Also: unmarried couples and poor families.

The federal Fair Housing Act was passed 45 years ago today, and in the two generations since then, the law has expanded to make it illegal to refuse to rent or sell a home to someone (or to skew the terms of their lease) because of race, religion, national origin, sex, family status or disability. That list is pretty sweeping, but it's still missing a few groups whose absence grows more glaring by the year.

Federal laws don't protect against housing discrimination on the basis of sexual orientation, gender identity, income source or marital status (whether or not you're married is a different question from if you have kids). Many states do this on their own. But a surprising number don't. Today, it's still possible for a landlord in Texas to refuse to rent you an apartment with your live-in girlfriend (married couples only!), for a property management company in Alabama to turn you away because you're gay or transgendered, or for a homeowner in Indiana to decline your application because your income (which is enough to cover your rent) comes from housing vouchers, child support or alimony.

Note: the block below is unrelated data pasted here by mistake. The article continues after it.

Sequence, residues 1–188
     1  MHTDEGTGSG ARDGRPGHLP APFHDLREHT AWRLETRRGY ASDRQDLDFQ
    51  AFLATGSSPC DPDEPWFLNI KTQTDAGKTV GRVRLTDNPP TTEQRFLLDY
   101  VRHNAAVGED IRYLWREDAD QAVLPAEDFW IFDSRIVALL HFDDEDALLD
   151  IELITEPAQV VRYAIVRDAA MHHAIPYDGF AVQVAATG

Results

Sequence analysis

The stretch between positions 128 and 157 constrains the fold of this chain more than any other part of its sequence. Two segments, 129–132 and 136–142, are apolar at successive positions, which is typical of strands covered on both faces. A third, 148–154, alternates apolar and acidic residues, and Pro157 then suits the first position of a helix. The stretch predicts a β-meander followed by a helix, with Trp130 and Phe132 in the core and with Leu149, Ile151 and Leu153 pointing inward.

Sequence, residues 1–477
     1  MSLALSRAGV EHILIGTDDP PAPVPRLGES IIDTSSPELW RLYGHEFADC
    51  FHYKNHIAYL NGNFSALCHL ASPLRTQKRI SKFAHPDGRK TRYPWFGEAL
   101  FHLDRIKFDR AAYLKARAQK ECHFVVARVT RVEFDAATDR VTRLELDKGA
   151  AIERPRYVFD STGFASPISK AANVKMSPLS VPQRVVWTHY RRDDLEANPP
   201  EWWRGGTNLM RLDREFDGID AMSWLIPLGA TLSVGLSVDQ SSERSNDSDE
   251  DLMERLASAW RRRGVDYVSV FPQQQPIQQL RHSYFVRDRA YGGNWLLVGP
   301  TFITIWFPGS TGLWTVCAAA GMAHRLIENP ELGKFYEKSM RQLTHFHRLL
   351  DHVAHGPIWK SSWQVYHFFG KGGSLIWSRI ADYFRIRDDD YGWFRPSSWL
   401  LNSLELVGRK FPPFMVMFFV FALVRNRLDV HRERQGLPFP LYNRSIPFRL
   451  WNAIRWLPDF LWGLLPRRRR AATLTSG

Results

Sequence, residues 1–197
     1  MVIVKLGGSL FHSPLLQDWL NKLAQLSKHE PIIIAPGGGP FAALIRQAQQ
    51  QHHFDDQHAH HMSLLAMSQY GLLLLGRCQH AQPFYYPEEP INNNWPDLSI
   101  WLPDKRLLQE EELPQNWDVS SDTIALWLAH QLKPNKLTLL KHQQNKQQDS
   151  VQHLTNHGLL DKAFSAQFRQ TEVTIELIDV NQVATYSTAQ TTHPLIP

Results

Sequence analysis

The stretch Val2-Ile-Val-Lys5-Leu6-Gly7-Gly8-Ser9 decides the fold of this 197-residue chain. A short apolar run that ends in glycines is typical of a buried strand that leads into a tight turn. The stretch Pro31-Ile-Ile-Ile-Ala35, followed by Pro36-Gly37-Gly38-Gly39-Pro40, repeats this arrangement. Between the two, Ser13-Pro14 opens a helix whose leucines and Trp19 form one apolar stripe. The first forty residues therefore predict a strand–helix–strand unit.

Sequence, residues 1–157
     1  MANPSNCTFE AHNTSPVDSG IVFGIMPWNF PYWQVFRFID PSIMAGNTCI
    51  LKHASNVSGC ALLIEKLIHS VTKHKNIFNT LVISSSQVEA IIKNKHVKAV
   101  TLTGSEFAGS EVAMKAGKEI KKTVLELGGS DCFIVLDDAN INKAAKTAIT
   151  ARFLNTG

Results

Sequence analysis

And we haven't even gotten to the question yet of whether or not you can rent a home with your same-sex wife.

In advocating for these expanded protections, the National Fair Housing Alliance released a report today on "Modernizing the Fair Housing Act for the 21st Century," from which these maps come. Across the U.S., protections for each of these groups appear to be the exception, not the rule:

About the Author

Most Popular

  1. A photo of shoppers in the central textile market of downtown Jakarta.
    Design

    How Cities Design Themselves

    Urban planner Alain Bertaud’s new book, Order Without Design, argues that cities are really shaped by market forces, not visionaries.

  2. Equity

    The ‘Sweeping’ Effect of a $15-an-Hour Job Guarantee

    A new report analyzes the complicated labor market impact of a radical proposal that’s gaining traction on the left.

  3. A photo of an encampment of homeless people outside Minneapolis,
    Equity

    Why Minneapolis Just Made Zoning History

    The ambitious Minneapolis 2040 plan will encourage more dense housing development in single-family neighborhoods.

  4. A block of shuttered two-story buildings
    Equity

    Can Poletown Come Back After a General Motors Shutdown?

    The 33-year-old GM Detroit-Hamtramck plant was renovated less than five years ago. But now that it’s shutting down, some residents are hoping to right a wrong.

  5. Students in Chandler, Arizona.
    Equity

    How Corporate Tax Incentives Rob Public School Budgets

    A new Good Jobs First study shows that corporate tax incentives—like those given for Amazon HQ2—have diverted at least $1.8 billion from public schools.